The only reason I own the beast is that it tows for a living in the summer, and if you are going to have a winter beater/fourth car, it might as well be a big honking 4×4. But I don’t *need* it to get around in the winter. Mostly it means I can slack off snowblowing the driveway for a while even if we get 3′ of snow. :-)

          • 0 avatar
            Power6

            Meh you are talking about “need” as if that drives vehicle purchases, why must AWD justify “need” yet you own what like 3 cars for one guy IIRC and the most useful is an expensive BMW wagon right, a Corolla totally would do it for you, you don’t “need” handling, larger tires just kill your fuel economy right?

            You do seem to be one of the reasonable ones krhodes so not just directed to you, those who say you don’t need AWD should be railing against all performance cars because they are clearly wasteful and not needed. I bet exactly none of the 2WD-er than thou” crowd owns only what is “needed” and nothing more. AWD is more useful than a map light, or a butt warmer or whatever.

            I’ve always liked when I have an AWD car, at least I could look forward to winter for something. WRX was particularly great, dry wet or slick, never at a loss for fun. I can see the draw for the peace of mind of just having a little AWD SUV or whatever.

            I like smoking the plow trucks from the lights in our Outback XT ha. bring on those balanced RWDs with their snows, the Outback will rock you in the snow at every turn, and I have taken the Bridgestone winter driving course, what all professional training have you had??? (I also spent my youth sideways in every storm in a Delta 88 ha)

          • 0 avatar
            krhodes1

            @Power6

            Actually, I have five cars for one guy. Different vehicles for different purposes. The BMW is the most general purpose of any of them, and I saw no need to order it with AWD. I agree that wants are different than needs. Just be honest about what is a want and what is a need.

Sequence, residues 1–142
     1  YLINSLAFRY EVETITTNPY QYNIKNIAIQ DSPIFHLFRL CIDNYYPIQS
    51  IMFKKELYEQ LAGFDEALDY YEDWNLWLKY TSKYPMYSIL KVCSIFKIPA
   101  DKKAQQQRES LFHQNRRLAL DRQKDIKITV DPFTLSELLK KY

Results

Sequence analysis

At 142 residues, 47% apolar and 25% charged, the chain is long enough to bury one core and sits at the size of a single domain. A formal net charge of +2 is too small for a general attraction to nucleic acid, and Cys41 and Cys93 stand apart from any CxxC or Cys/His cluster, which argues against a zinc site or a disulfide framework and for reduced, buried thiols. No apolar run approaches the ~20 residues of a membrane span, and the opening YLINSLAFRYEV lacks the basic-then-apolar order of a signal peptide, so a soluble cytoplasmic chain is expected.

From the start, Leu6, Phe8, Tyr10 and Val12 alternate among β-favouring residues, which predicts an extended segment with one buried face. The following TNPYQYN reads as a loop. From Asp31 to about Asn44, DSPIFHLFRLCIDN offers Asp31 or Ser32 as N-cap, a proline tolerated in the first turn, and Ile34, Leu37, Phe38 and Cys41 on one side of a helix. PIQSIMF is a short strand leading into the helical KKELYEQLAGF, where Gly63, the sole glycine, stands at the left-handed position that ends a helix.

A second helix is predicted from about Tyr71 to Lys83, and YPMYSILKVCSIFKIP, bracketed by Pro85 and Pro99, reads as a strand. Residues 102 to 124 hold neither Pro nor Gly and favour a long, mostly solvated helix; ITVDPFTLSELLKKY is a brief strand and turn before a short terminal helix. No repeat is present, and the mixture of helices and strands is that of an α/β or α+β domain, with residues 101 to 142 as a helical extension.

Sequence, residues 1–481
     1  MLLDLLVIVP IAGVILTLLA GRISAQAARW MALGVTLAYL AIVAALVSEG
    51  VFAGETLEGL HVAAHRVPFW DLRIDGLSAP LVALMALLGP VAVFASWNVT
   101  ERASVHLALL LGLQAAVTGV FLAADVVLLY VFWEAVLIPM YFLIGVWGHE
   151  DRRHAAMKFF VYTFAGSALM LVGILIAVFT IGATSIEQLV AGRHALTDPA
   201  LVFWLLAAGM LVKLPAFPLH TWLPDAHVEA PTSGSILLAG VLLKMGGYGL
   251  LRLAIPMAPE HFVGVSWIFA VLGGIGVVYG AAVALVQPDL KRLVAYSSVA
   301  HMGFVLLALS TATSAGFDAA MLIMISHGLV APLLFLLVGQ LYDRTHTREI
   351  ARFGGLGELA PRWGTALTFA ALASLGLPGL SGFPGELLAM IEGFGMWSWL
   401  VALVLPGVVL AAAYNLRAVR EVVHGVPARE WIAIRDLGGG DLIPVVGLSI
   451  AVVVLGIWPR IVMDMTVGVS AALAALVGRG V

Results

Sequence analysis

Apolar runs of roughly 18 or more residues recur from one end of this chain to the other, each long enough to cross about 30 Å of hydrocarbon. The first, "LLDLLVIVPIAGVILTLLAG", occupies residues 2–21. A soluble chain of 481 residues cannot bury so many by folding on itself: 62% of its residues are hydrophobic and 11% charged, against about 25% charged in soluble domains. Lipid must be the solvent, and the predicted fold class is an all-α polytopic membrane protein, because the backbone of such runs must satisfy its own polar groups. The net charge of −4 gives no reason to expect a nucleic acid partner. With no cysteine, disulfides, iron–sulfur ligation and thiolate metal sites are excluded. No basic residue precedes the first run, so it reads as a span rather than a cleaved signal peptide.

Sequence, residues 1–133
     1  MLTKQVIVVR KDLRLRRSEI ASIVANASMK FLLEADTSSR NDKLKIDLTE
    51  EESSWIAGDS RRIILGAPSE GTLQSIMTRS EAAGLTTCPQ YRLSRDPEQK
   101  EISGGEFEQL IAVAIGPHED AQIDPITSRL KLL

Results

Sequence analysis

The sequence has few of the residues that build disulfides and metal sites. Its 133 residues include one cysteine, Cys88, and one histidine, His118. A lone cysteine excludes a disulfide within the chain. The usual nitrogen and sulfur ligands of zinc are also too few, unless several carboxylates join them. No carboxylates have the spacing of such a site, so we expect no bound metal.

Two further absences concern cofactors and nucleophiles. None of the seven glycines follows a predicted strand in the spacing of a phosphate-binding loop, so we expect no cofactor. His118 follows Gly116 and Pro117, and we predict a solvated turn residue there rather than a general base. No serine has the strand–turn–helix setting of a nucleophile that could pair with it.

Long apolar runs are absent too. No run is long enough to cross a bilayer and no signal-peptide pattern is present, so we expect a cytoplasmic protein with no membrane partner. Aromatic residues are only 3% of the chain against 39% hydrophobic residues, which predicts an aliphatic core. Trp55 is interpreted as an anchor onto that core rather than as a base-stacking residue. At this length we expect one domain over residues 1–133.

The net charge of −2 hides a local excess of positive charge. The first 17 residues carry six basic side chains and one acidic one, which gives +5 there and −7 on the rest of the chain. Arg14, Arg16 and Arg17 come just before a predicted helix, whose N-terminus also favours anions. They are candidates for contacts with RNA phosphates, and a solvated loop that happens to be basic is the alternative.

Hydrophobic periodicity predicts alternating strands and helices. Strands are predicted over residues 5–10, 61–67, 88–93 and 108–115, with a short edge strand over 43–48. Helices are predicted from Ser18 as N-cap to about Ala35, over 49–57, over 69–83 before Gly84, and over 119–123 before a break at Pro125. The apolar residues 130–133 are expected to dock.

Did your sister have snow tires on that Turbo Beetle? Guess not.

            I applaud you for being one of the few smart enough to run snow tires on a Subaru. So many of them end up in the ditch every winter.

            As for training, I did the O’Niel winter rally school about 15 years ago.

          • 0 avatar
            Power6

            OK so we are in agreement we all have more than we need and AWD is hardly a case of gross conspicuous consumption.

            Yeah no snows on the turbo Beetle, still I am not sure if it would have mattered. Agreed snows on AWD for me, I like to stop and turn.

            I want to do the O’neil school some day!

        • 0 avatar
          KixStart

          Because AWD costs more and hurts your fuel economy whether or not you are using it, so there’s a distinct disadvantage to it.

          If you live where the streets get plowed in tolerably reliable fashion, you don’t need it.

          There’s bunches of AWD vehicles here on the street for people who want to “be prepared.” Of course, “be prepared,” to my mind, is to make sure you’ve got what you need to get through the storm at home before the storm hits… rather than drive in it to get what you need.

          • 0 avatar
            Power6

            Hmmm my sister promised to feed some cats up in Arlington heights for a week. Big storm hit us on the weekend, she went over there in her turbo Beetle, could not get up the hill to her friends house. Roads were plowed but the storm was on going. She came over to my place, we took my then snow tired WRX on over there. Stuffed it into the driveway to let the plows by (parking ban) probably 10-12 inches unplowed.